NATO’s admission of three classes of a total of twelve former communist states and republics took place in the years 1999, 2004, and 2009. Each of the admitted states had undergone a preparation process known as the Partnership for Peace. The Russian reaction was very negative, as they strengthened their own military in response and also complained that NATO had now moved to their doorstep. At the alliance’s Bucharest Summit in 2008, NATO made the strategically important decision to deny admission to both Georgia and Ukraine. This denial may have strengthened the Russian resolve to invade the first in 2008 and the second in 2014. After the Russian absorption of Crimea, NATO tactics bolstered the position of other vulnerable states but also angered Russian leaders.
Both America and Russia, for different reasons, decided to undertake a policy pivot towards Asia. For President Obama, such a pivot may have represented a needed change from preoccupation with tough issues in the Middle East, Iraq, and Afghanistan. President Putin may have looked East in an effort to get away from constant preoccupation with issues related to Crimea and the eastern edge of Europe. The Asian-Pacific Economic Community (APEC) offered a common forum of communication for both wth other Asian states. However, both powers had different historical reasons for pursuing the overture to Asian states. For the United States, a major defense agreement with South Korea was a result of the Korean War of the 1950s, while its long engagement in the Vietnam War of the 1960s and 70s provided it with additional historical experiences in the region. Russia concerned itself with intensified trade relations and also defined the region to include Central Asian states that had formerly been republics in the Soviet Union. U.S. troops had been a presence in the region for decades, and the multi-state controversy over Chinese actions in the South China Sea also bore in part a defensive component.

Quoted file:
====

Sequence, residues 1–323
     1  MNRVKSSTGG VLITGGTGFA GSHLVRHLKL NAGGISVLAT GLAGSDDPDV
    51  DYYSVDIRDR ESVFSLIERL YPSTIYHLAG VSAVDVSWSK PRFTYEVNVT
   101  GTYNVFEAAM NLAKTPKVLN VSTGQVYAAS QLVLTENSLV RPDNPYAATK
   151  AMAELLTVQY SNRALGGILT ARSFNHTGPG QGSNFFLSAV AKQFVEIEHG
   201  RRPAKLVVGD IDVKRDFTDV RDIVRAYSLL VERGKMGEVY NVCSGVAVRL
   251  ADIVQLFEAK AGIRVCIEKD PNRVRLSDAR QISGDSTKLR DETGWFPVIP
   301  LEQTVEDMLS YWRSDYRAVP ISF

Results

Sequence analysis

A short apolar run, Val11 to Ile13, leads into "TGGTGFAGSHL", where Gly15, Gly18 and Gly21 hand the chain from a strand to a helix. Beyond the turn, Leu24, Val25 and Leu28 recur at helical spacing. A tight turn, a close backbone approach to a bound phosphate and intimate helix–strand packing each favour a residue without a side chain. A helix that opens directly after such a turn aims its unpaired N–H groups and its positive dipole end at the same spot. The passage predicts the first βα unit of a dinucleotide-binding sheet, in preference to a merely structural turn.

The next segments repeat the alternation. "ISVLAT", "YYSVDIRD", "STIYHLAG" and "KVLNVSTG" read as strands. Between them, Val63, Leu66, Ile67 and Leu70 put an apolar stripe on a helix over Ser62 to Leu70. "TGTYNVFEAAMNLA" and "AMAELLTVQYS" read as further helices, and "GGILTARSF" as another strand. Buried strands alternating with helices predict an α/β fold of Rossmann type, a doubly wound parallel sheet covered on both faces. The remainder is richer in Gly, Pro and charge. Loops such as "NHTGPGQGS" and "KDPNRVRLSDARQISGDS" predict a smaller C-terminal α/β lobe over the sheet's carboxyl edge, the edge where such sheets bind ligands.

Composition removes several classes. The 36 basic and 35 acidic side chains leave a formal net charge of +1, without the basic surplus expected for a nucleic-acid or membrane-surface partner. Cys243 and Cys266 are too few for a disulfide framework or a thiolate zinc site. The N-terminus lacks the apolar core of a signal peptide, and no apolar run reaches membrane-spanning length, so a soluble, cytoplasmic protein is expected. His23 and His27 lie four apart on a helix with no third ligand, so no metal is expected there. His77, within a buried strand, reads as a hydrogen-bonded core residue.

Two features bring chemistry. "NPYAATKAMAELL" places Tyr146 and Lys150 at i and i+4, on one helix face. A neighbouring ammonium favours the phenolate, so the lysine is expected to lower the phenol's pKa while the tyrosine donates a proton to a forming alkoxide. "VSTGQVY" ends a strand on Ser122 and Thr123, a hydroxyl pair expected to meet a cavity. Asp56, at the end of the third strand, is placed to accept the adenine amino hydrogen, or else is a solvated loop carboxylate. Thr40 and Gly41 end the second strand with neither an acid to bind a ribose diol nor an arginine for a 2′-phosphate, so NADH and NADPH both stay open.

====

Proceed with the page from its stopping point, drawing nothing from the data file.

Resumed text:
Duality of détente in the 1970s and neo-Cold War in the 1980s
James W. Peterson
During the late Cold War there was a serious effort by leaders in both capitals to defuse the tension and conflict that characterized their relationship during the 1950s and 60s. Commitments by both sides to the details of soft power approaches such as negotiating arms agreements such as SALT and the Helsinki Accords eased the climate of hostility somewhat, while the rise to power of Mikhail Gorbachev, with his emphasis on perestroika and other aspects of reform, resulted in considerable retraction of the Soviet military both in size and from various points of involvement such as Afghanistan. However, there was usually either continuing underlying neo-Cold War tension between the two or vacillation between steps forward and backward. The initial Soviet move into Afghanistan combined with emergence of Marxist forces in locations such as Nicaragua kept American leaders in a state of military readiness. Provocative moves such as the build-up of the American nuclear arsenal under President Reagan in the 1980s were combatitive in tone with regard to Soviet leaders. Thus, positive and negative features combined in an uneasy mix at the end of the Cold War.